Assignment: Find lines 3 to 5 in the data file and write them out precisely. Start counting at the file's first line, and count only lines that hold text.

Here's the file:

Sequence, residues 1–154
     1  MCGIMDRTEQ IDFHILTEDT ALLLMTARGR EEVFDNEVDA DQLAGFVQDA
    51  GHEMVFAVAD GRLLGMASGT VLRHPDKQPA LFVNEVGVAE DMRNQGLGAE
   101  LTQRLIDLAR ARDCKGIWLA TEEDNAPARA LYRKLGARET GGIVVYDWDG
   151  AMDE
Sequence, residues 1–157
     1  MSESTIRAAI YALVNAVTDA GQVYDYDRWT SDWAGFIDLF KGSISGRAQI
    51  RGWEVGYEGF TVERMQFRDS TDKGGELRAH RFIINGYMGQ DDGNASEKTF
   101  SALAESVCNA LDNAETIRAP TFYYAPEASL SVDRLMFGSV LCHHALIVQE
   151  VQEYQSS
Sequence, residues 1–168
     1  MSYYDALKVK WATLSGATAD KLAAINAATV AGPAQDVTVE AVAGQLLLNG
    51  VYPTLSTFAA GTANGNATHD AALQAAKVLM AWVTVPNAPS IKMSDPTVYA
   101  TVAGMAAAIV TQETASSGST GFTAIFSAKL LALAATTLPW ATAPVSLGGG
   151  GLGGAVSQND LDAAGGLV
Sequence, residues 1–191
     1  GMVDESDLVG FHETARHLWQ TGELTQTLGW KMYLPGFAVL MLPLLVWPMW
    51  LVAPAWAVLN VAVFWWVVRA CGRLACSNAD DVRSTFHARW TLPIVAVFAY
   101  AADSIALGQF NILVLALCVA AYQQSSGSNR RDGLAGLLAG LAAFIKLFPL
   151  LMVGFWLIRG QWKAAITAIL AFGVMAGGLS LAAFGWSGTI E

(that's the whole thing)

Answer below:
    51  GHEMVFAVAD GRLLGMASGT VLRHPDKQPA LFVNEVGVAE DMRNQGLGAE
   101  LTQRLIDLAR ARDCKGIWLA TEEDNAPARA LYRKLGARET GGIVVYDWDG
   151  AMDE